One day at school in the early 2000s we were ushered to the library hall for ‘TV time’. Most students assumed it was going to be another boring documentary on health, national day or road safety – mundane, monotonous stuff.
We were in for a surprise – the kind that stays with you for a long, long time.
After the 20-minute session, we came out delighted after our first introduction to the famous local superhero Commander Safeguard. It indeed was a wonderful TV time.
Previously we had only seen Cartoon Network and locally dubbed Sesame Street. But to see a cartoon hero speaking in one’s own language, engaging in action on your own streets and other situations of the movie that students could relate to was simply overwhelming.
That first-ever series of Commander Safeguard, produced by Post Amazers, was an ad campaign for the P&G soap. It was only after the first episode getting such good notices in Pakistan that P&G dubbed the upcoming series and aired it in the Philippines and Mexico. With that short animated movie, the first important milestone had been reached for Pakistan. That said, we still had a very long way to go on the global animation industry level.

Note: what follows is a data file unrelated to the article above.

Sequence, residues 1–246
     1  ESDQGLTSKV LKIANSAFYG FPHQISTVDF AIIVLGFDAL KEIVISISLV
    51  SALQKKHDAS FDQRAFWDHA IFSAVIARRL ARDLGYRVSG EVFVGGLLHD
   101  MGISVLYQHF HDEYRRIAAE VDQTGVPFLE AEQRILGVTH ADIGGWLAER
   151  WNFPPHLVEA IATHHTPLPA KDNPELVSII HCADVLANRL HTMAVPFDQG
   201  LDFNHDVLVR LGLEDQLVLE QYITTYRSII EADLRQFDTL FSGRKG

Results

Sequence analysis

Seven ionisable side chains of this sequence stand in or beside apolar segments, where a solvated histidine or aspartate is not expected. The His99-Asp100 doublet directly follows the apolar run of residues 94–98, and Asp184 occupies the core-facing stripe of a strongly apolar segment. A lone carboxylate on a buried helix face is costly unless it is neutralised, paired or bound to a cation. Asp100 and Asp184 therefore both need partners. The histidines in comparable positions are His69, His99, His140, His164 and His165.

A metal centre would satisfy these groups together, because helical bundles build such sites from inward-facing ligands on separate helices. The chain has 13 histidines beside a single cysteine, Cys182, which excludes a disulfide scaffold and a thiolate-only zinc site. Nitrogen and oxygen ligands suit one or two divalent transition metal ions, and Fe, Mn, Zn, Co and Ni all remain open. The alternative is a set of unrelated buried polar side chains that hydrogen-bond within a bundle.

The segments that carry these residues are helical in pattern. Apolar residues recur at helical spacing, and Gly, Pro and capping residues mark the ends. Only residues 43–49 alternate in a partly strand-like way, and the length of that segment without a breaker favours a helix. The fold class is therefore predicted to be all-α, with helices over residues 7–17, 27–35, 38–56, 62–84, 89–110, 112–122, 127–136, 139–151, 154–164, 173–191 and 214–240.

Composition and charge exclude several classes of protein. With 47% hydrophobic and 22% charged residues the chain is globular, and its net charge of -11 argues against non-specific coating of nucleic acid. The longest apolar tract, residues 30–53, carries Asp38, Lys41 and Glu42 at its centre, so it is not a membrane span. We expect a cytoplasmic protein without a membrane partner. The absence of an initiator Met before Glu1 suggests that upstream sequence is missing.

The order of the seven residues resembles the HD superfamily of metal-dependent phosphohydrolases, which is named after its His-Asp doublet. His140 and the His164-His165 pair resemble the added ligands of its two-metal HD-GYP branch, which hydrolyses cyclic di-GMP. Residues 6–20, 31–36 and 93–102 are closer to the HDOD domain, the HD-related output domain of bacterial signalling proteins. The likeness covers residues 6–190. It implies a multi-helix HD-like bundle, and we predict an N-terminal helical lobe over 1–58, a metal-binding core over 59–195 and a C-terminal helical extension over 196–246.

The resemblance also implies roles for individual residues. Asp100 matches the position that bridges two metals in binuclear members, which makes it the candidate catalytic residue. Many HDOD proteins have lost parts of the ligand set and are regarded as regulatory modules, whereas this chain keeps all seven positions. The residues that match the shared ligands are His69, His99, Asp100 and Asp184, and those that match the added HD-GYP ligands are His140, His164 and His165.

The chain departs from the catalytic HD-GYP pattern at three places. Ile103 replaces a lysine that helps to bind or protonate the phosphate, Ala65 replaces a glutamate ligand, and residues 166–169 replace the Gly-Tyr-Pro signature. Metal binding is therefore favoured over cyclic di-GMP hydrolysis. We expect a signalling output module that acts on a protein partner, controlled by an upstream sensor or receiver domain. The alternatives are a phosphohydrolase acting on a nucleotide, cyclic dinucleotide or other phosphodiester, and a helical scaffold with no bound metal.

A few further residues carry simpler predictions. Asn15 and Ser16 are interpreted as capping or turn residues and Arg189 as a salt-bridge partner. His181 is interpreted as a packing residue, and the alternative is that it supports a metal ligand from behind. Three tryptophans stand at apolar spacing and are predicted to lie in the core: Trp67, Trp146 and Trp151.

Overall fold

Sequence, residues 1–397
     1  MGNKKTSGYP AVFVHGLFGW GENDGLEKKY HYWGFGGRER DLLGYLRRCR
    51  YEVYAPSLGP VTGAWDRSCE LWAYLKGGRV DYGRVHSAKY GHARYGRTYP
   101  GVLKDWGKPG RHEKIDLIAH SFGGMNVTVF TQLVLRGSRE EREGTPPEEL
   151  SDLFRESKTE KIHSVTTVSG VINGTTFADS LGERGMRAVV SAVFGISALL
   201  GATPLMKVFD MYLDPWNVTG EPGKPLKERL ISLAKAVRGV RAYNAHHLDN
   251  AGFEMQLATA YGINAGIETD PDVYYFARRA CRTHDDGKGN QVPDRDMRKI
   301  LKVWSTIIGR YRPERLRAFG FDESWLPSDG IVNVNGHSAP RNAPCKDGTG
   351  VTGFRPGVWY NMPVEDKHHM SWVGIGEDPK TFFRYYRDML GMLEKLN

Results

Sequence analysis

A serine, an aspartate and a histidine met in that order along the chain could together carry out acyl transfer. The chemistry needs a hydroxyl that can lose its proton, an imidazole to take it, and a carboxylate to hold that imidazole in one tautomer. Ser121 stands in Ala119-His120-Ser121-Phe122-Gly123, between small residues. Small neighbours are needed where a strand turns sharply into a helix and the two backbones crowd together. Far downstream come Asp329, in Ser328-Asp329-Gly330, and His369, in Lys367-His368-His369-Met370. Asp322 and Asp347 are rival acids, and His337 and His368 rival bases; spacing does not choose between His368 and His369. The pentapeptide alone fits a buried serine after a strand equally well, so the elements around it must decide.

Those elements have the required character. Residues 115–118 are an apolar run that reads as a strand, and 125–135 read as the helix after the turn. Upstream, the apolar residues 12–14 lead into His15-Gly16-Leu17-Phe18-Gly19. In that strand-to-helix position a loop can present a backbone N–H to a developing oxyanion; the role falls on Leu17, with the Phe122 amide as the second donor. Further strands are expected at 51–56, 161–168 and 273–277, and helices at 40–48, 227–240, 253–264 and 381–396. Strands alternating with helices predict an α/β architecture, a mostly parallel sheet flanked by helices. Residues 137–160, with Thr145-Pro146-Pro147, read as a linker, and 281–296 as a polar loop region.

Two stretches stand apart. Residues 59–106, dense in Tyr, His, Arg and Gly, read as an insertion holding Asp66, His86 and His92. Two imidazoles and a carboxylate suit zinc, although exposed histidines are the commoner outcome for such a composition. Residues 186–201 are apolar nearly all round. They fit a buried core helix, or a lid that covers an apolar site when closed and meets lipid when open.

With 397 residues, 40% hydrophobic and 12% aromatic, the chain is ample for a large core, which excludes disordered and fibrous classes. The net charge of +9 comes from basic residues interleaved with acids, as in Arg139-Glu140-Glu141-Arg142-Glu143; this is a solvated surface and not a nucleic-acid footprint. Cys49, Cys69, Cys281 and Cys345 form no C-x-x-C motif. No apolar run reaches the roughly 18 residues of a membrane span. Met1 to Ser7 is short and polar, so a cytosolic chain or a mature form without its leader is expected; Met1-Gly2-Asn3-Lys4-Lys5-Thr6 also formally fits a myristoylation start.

Some 10 years later in 2015, Sharmeen Obaid Chinoy produced Pakistan’s first-ever full length animated movie ‘Teen Bahadur’ and established its emblem on the global industry. This same year it was projected that globally the animation industry was valued at $244 billion – with the US, the UK, Japan, Germany and China controlling the major chunk of the market. Eyeing that league, Pakistan, of course, was just taking its own jittery steps in that direction.
So what happened in the animated industry of Pakistan between the launch of Commander Safeguard and Teen Bahadur’s release, and where is it headed? With the trailer of ‘Allahyar and the Legend of Makhror’ whetting our curiosity, Profit was intent on finding out.